Taking up Kairon’s censors


Justice Kuldip Singh (Retd)
Former Judge, Supreme Court

Greetings to The Tribune and its readers on its 140th Foundation Day. The Tribune was established in 1881 by Sardar Dyal Singh Majithia. He was a philanthropist and a great reformist. He wanted The Tribune to be independent and not aligned to any dogma or political party. Pre-Independence history of The Tribune is full of patriotism and nationalism. It waged a relentless war against the British rule. It faced numerous turbulent events arising from the freedom struggle.

The Jallianwala Bagh massacre in Amritsar shocked the country. The newspaper courageously challenged the brutal action, and for its bold and fearless stand, it won the admiration of Mahatma Gandhi.

The Tribune became a victim of Partition in 1947 and had to shift out of Lahore. Partition was the most abrupt and tragic transfer of population in human history. Punjab was the worst affected and there was turmoil all over. In a situation like that, it was extremely difficult for any displaced institution to re-establish itself the way it was done by The Tribune. It was sheer resilience on the part of The Tribune to resume publication from Shimla within 40 days of its closing at Lahore. From Shimla, it shifted to Ambala in 1948 and finally it found a permanent home at Chandigarh.

The book titled The Tribune: 130 Years, A Witness to History by VN Datta was released in 2012 by Dr Manmohan Singh, the then Prime Minister. Here is a quote from his speech, “While glancing through the pages of A Witness to History, I was struck by the words of an avid Tribune reader who wrote to the newspaper on September 25, 1947, the day The Tribune resumed publication from Shimla… the reader wrote: ‘The heart of Punjab has begun to beat again, though the pulse is yet faint’.” The contents of the letter show the popularity of The Tribune and its passionate link with the readers.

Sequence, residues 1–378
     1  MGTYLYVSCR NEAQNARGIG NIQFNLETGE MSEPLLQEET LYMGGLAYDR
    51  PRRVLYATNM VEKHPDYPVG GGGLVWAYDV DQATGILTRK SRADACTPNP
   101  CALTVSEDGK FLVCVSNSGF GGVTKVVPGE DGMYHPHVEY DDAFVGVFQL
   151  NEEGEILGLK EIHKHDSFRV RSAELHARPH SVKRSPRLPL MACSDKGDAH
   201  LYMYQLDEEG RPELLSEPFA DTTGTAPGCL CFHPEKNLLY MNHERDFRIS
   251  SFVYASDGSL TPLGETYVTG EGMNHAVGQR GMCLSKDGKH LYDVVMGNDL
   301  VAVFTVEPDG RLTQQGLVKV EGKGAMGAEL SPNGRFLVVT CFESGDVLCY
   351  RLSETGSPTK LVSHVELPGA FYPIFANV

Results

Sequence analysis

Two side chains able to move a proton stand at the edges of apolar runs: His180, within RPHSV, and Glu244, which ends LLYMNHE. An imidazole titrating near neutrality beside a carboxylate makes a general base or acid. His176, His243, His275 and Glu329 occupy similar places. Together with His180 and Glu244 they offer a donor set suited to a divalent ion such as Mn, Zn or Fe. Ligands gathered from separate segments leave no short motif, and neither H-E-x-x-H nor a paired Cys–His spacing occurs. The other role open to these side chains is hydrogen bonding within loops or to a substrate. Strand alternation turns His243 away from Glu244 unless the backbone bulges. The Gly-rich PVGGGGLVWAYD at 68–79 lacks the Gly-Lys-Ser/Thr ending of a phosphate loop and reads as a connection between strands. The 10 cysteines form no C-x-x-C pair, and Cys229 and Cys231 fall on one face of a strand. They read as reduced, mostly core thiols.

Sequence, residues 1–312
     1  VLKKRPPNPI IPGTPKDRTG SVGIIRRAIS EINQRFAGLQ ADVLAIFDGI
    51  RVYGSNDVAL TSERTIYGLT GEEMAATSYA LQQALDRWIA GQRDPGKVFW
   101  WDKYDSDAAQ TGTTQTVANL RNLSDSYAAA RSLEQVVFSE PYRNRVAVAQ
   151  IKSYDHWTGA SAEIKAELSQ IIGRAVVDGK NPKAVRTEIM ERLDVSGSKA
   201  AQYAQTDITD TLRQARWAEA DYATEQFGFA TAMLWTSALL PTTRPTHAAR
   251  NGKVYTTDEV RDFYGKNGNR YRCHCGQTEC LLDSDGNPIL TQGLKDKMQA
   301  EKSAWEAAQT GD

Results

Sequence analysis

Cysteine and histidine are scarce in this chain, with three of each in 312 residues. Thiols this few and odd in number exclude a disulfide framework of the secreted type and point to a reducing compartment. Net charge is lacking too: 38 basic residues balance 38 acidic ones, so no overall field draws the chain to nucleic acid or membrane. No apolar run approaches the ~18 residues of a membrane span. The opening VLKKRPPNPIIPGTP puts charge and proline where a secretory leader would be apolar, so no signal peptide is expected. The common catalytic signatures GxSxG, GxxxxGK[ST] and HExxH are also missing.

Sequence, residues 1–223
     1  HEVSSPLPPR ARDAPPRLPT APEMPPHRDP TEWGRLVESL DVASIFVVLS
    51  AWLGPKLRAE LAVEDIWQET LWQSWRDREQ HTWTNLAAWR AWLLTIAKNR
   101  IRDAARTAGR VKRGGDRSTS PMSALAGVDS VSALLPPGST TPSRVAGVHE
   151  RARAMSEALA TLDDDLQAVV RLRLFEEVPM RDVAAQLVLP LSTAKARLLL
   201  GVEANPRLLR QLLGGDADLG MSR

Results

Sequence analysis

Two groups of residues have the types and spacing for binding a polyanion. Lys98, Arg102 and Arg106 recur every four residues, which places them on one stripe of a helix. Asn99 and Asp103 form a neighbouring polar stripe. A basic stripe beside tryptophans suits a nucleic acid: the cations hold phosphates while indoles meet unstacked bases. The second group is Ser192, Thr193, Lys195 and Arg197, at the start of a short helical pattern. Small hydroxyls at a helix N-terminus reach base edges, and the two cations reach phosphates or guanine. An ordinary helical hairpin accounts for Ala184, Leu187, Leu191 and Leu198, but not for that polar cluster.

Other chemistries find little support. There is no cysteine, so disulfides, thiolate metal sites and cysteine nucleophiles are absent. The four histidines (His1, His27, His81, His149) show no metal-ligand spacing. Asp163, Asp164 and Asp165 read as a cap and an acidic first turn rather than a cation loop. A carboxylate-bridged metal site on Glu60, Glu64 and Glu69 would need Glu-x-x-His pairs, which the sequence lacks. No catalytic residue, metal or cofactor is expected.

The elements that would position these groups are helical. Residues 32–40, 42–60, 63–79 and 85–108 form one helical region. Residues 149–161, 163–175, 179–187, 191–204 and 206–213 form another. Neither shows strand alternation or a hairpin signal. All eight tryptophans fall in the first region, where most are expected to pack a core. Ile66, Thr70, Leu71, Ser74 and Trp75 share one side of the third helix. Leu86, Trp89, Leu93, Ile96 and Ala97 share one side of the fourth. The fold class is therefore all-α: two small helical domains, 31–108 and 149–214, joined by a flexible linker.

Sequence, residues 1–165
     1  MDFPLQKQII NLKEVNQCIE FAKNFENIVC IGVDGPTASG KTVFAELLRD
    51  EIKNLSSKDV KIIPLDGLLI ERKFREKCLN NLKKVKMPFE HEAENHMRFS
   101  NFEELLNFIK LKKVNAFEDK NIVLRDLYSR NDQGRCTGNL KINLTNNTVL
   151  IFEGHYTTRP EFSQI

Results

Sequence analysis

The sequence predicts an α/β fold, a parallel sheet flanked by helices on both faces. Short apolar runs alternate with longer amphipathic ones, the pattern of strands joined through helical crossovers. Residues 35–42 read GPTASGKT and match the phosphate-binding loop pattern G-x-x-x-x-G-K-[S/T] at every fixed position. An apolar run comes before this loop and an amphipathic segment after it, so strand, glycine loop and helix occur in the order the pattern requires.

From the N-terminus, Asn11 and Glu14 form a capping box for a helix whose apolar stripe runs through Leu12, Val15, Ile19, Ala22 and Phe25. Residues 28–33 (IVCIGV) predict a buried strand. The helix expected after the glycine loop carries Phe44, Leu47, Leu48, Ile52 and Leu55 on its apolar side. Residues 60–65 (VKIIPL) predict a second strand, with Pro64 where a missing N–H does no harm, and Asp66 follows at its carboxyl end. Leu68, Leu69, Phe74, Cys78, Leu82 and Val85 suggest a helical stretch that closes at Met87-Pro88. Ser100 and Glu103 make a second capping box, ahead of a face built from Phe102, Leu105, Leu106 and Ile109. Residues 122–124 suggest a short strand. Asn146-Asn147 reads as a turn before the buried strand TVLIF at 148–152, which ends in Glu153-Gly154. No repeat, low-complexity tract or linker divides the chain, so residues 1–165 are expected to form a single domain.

The Tribune is maintaining its bold and independent character and is living up to its founder’s vision. During the Punjabi Suba agitation, the Partap Singh Kairon government (1956-64) put a blanket ban on the publication of all reports about the agitation. Kairon ordered that all news reports relating to the agitation must be subjected to pre-censorship. The Tribune resisted the ban, opposed it and pleaded for its modification, but the government refused to relent. The reporting by The Tribune was bold and fearless. It required plenty of courage to oppose and come in conflict with a powerful Chief Minister who would not tolerate criticism.

In its edition dated November 18, 2010, The Tribune published a sensational news wherein it reported that a 19-tower housing project of the Tatas would irreparably damage Chandigarh’s pristine skyline as it would soar above the Sukhna Lake. The news disclosed that as many as 129 politicians — MLAs and MPs (both serving and former representatives) — made a killing by investing Rs 15 lakh each and getting a return of Rs 2.62 crore (each flat worth Rs 1.82 crore and Rs 82.5 lakh in cash) in less than a decade. It was indeed very bold reporting by the paper. It is not easy to take panga with powerful politicians, especially when they were benefiting to the tune of crores of rupees. The Chandigarhians took the matter to the court. Finally, the case was won in the Supreme Court and the project was declared illegal — cheers to The Tribune.

My association with The Tribune goes back to 1948, when I passed my matric exam and started reading the paper to update my knowledge. Since then, I have continuously been reading The Tribune. In 1952, I joined a law course at Jalandhar and was lodged in the hostel. I would go to the hostel library almost every day to read the paper as soon it was placed on the reading board. During my four years’ stay in London as a student, it was not possible to read The Tribune every day. However, I used to visit India House once a week to read the newspaper. I was enrolled as an advocate in November 1959 at Chandigarh and since then, there is hardly a day when I have missed the morning date with The Tribune.

While enjoying the glorious phase of my life, I have two fascinating addictions — The Tribune in the morning and a drink in the evening. 



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